Unlike deterministic software systems, autonomous systems are developed and trained through AI learning frameworks. These frameworks consume labeled training data, and the AI system adapts to provide the optimal response through a process called Network Training. Once the system is developed and trained, it is essential for the system that is under test to perform in a new environment that is not seen during the Networking Training process. The Network Validation process determines if the system makes the right or optimal decision and performs accordingly. This process is especially important for systems like ADAS/AD that are life-safety critical.
The ADAS/AD development cycle must ensure the safety of the vehicle and passengers. NHTSA believes that advanced crash avoidance and mitigation technologies will dramatically increase the safety of a vehicle. One key automotive safety technology that falls into the advanced crash avoidance category is the Automatic Emergency Braking (AEB) system. The vehicle perceives and predicts that it will impact another vehicle or object, so a decision is made within milliseconds to activate the braking system in order to avoid an impending collision. This action requires the receipt of input from multiple sensor systems (camera, radar, lidar, and ultrasonic), interpretation of the meaning of the data, and then performing the appropriate action. ADAS/AD systems require testing and operation in real-world conditions for tens to hundreds of millions of kilometers to ensure that they can safely operate. The systems must also be validated using thousands of targeted safety scenarios like AEB. But once in production, the vehicle’s models will decay and will require upgrades while enhancements will require reverification.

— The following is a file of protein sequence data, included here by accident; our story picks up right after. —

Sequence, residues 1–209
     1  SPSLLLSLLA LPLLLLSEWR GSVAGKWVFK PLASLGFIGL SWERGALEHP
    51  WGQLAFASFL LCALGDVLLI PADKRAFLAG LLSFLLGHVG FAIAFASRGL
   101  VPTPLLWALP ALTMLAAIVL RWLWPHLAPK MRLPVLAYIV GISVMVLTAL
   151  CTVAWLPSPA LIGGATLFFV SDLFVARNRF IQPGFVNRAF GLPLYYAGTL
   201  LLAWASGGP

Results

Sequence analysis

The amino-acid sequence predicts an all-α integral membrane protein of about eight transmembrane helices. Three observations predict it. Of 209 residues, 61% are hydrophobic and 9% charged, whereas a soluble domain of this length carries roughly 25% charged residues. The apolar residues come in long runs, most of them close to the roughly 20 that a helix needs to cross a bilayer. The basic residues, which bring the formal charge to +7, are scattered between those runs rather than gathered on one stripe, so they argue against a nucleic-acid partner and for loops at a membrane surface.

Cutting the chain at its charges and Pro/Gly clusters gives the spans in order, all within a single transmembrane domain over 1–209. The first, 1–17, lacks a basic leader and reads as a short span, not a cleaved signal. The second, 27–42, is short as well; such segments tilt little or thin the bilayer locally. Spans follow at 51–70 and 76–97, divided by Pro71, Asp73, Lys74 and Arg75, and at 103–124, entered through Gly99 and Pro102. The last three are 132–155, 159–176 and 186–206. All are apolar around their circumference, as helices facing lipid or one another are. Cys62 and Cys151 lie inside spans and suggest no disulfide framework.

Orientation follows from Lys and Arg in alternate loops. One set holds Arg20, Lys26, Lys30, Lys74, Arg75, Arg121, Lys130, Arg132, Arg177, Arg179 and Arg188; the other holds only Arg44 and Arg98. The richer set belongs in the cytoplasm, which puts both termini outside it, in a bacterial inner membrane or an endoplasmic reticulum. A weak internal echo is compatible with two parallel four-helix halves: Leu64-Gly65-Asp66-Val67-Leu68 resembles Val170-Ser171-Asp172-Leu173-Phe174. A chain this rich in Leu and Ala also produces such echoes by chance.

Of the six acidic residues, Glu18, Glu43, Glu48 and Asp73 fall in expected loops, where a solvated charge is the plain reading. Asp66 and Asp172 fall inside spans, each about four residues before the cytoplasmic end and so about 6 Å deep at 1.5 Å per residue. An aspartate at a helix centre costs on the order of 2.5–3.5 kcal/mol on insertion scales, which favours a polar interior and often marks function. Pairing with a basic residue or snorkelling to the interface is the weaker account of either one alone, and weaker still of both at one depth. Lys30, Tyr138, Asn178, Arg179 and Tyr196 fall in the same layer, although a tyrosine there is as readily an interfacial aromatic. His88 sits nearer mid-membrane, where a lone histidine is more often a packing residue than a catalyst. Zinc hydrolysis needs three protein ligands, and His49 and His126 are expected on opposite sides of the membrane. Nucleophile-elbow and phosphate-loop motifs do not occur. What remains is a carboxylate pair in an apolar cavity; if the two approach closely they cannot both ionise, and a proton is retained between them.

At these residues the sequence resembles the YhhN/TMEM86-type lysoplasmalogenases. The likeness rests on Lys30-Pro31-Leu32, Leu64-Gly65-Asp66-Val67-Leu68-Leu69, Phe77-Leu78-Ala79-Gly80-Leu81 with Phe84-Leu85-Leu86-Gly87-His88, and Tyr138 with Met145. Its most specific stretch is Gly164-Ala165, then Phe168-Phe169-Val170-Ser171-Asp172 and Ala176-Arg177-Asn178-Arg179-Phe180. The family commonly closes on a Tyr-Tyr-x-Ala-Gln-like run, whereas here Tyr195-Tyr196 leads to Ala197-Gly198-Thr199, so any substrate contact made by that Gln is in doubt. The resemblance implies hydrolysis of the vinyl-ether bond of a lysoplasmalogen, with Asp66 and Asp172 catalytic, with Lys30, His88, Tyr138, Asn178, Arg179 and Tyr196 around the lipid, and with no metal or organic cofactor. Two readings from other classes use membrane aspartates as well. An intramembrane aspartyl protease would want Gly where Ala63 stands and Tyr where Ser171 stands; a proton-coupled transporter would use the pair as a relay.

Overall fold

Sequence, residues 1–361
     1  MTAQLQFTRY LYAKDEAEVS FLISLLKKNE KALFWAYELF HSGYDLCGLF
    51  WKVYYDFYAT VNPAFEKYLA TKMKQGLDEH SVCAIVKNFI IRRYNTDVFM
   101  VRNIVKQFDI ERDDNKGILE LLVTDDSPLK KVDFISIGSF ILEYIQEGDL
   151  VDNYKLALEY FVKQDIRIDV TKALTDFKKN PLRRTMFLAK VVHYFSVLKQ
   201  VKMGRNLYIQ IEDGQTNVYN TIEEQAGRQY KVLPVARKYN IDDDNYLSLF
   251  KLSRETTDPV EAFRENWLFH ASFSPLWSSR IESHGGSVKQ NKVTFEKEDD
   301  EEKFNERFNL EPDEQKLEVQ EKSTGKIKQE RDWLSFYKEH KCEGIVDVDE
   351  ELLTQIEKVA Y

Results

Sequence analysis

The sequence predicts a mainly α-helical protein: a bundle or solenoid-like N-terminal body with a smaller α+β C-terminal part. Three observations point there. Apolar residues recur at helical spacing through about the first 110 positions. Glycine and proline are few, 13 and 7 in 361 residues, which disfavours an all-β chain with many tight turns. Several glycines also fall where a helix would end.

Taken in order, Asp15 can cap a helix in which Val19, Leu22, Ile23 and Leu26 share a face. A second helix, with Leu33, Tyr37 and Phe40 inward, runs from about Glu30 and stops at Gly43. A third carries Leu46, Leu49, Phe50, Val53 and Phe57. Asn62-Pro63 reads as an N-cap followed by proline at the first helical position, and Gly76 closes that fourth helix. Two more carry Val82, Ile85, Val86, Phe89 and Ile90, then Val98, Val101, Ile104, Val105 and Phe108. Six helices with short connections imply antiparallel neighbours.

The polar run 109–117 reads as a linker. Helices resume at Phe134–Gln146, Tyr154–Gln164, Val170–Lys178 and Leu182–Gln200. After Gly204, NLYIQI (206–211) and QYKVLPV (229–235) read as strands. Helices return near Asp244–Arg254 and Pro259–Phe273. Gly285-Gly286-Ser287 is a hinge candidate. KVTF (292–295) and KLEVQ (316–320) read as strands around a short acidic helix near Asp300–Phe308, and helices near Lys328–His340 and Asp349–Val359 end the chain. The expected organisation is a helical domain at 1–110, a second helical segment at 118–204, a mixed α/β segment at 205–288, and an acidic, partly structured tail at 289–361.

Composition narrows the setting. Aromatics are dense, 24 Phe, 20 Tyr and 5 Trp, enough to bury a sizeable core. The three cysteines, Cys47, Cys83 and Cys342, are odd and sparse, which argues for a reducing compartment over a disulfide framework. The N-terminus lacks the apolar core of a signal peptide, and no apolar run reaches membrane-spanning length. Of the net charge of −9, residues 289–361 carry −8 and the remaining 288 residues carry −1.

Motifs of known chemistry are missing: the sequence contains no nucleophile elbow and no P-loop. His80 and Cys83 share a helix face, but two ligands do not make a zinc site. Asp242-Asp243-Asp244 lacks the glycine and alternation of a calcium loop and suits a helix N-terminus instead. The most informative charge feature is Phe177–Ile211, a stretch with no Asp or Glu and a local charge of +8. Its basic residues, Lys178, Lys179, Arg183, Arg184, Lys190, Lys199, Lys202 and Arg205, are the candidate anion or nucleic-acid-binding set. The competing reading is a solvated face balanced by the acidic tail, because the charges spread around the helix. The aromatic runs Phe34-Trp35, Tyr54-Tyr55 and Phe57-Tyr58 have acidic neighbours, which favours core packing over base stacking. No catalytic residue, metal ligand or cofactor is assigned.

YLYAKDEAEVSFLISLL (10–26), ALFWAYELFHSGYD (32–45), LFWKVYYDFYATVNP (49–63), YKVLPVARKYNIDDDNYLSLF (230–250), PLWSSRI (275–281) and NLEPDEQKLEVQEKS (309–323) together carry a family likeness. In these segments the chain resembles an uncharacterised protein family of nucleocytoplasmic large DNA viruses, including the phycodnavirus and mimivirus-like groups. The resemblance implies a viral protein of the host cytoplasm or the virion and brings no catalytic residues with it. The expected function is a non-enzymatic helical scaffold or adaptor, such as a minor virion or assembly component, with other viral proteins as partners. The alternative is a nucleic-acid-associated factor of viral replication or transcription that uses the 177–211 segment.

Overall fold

The thorough testing of autonomous capabilities with real vehicular systems is not only cost prohibitive, but often, impossible to validate without environmental simulation. It is much more cost effective and flexible to use high-fidelity simulation systems that harness the power of compute and storage to automate environmental and scenario testing.
The simulation system needs to operate and process immense levels of data (up to ten terabytes/hour per system under test), and react within a short timeframe. It also needs to meet other key requirements:
When the simulation system is remote or in the cloud, the conditions cannot be effectively managed. They are most optimally performed in edge environments on optimized platforms that are grouped with systems that are tested under latency-controlled conditions. All ADAS/AD systems require this capability as a fundamental component of the development process. Further, all autonomous systems require the flexibility of simulation to define unique scenarios for development and integration testing.